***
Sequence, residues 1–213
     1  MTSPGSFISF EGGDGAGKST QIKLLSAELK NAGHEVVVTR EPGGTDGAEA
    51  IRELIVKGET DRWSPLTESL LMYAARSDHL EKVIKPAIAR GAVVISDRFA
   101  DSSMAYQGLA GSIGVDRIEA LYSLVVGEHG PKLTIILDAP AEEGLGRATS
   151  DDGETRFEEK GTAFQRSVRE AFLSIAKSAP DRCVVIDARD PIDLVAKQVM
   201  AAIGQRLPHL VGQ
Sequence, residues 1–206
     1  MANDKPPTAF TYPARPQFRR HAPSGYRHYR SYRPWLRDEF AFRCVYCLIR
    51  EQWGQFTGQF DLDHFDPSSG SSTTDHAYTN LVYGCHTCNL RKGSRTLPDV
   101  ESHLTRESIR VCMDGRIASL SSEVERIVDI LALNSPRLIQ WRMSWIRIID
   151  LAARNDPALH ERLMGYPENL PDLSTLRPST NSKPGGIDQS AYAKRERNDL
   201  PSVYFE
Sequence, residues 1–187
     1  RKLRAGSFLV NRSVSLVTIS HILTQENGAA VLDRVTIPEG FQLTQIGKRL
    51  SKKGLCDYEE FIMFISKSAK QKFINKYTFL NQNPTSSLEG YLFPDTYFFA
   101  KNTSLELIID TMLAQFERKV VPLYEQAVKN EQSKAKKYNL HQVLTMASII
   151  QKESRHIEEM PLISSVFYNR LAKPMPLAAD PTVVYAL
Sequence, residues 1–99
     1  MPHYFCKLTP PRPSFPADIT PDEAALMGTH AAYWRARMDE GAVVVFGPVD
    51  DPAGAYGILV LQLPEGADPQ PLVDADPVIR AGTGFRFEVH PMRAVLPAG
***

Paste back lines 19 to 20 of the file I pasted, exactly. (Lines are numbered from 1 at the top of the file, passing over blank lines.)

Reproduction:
     1  MPHYFCKLTP PRPSFPADIT PDEAALMGTH AAYWRARMDE GAVVVFGPVD
    51  DPAGAYGILV LQLPEGADPQ PLVDADPVIR AGTGFRFEVH PMRAVLPAG